Roe v. Wade has been overturned, children and teachers are dying in classrooms and healthcare is not yet a fundamental right for every citizen in the United States. But Cristela Alonzo is still smiling like she does during all of her stand-up specials, including her newest Netflix venture, “Middle Classy.”
“I have always smiled in my stand-up because I’m so excited to be there,” Alonzo tells Variety. “I always tell people that the audience wants to be on your team in stand-up. You got to show them that you’re there for them, and you’re happy. So why do we not have those moments of joy more often?”
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Even through a Zoom video interview, Alonzo radiates positivity and delight in a time when it’s easy to give in to despair and anger. In 2014, Alonzo made history as the first Latina woman to create, produce, write and star in her own U.S. primetime comedy series, “Cristela” at ABC. It was executive produced by Kevin Hench, Becky Clements, Marty Adelstein and Shawn Levy (yes, that Shawn Levy of “Stranger Things” fame). After its 22-episode inaugural season, the show was canceled.
But Alonzo, now 43, hasn’t stopped pounding the Hollywood pavement, traveling the country to various stand-up clubs and doing guest spots on shows like Netflix’s “The Upshaws” and Nickelodeon’s “The Casagrandes.” The Mexican performer has been chasing this dream since she was 8 years old. “I tell people that if you have a lifelong dream, it takes a lifetime,” she says. “People used to ask me, ‘When did you know you made it?’ I always said when I could put ‘autopay’ on my bills. That was the dream, so everything after that has been a bonus.”
Five years after her first Netflix special, “Lower Classy,” she returns to the platform to discuss the condition of our times, something she’s always embraced in her material. “The more specific you are, the more you can connect with people,” she says.
In her new special, she reveals she has diabetes and discusses her navigation through the diagnosis. She was surprised when she told family members and friends how many of them knew they were diabetic but didn’t do anything about it. After learning her diagnosis, she started on medication that needed some getting used to because it would make her feel like she was having “a panic attack” and cause low blood sugar. It was essential to Alonzo to showcase her diagnosis in “Middle Classy” because she has access to doctors and wants to use that privilege to bring awareness about diabetes to others in her community. “You know how sometimes people with money love to do home remedies?” Alonzo says. “When you grow up poor, that’s your only option.”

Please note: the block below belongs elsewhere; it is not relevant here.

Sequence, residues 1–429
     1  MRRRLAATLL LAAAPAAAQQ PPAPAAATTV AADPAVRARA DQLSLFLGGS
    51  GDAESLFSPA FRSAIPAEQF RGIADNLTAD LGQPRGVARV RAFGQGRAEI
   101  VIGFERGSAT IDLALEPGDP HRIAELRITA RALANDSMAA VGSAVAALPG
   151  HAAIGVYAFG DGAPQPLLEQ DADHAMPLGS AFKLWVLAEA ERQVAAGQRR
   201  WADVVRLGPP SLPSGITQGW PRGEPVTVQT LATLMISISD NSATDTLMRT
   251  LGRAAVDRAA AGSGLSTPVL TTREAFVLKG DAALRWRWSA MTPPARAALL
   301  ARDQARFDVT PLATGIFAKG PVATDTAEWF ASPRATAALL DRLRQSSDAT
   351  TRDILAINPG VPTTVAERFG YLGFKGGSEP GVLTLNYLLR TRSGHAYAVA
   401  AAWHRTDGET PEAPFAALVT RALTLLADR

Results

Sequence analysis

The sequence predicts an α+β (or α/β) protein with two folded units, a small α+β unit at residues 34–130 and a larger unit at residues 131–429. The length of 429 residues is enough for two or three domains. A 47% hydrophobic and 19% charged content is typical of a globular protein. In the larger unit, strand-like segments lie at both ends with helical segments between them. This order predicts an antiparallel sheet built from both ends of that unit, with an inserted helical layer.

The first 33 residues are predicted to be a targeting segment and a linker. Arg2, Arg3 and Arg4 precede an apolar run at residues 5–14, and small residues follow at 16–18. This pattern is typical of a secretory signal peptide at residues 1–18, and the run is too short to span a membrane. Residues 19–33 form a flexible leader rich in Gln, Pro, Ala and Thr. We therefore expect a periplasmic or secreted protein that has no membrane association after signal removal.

She also wanted to show that she got her diabetes under control without a physical trainer, a private cook or anything else that people may perceive as “required” when you receive such a diagnosis. Even though she’s become accustomed to being able to support herself, she lives with the question in the back of her mind, “what if all of this goes away?”
The U.S. is currently feeling the ramifications of having a right taken away, with the Supreme Court overturning the federal law allowing abortions. As a result, Alonzo has become very politically active, standing alongside U.S. Representative Joaquin Castro and others in the fight for progressive rights and speaking out against human atrocities. “People will say we have to vote in November — and that’s true — but we also need movements now,” she says.
Growing up in Texas, Alonzo says it’s been disheartening to see her home become a right-wing haven for ideas the majority of Americans are vehemently against. “The fact that this country has a favorite religion is problematic. When you have a favorite religion, you’re saying that the others don’t matter, which means people don’t matter. I grew up a devout Catholic, and I was taught that you don’t have the right to judge anyone because you’re not God. But the ideology shows different,” she says. “I always say ‘pro-life’ is ‘pro-choice’ because you decided to be ‘pro-life,’ and that’s a choice. We can’t pick and choose not to wear a mask during COVID and then say that we’re pro-life. Why is it that pro-lifers are the ones that want to kill you the most?”
Alonzo is also speaking out within the stand-up community, where there has been much debate about artistic freedom and free speech when it comes to jokes. She maintains that evolution, and accountability, are both necessary to art. “The idea of cancel culture, I don’t believe in it. I believe in accountability. I believe that we evolve in language. We evolve in ideas,” she says. “We realize that things that were okay to say years ago are no longer okay. How you respond to it — that’s what makes you different. So I only expect that if I unknowingly offend someone by some chance, I hope that I’m given a chance to apologize and show that I’ve learned.”
That response differs from some of her comedic counterparts like Dave Chappelle and Ricky Gervais, who have chosen to double down on criticism for past material or created new specials that go even further with their offensive takes. Her message to them: “Why do you have to win? It shouldn’t be hard.”
“Middle Classy” is now streaming on Netflix.
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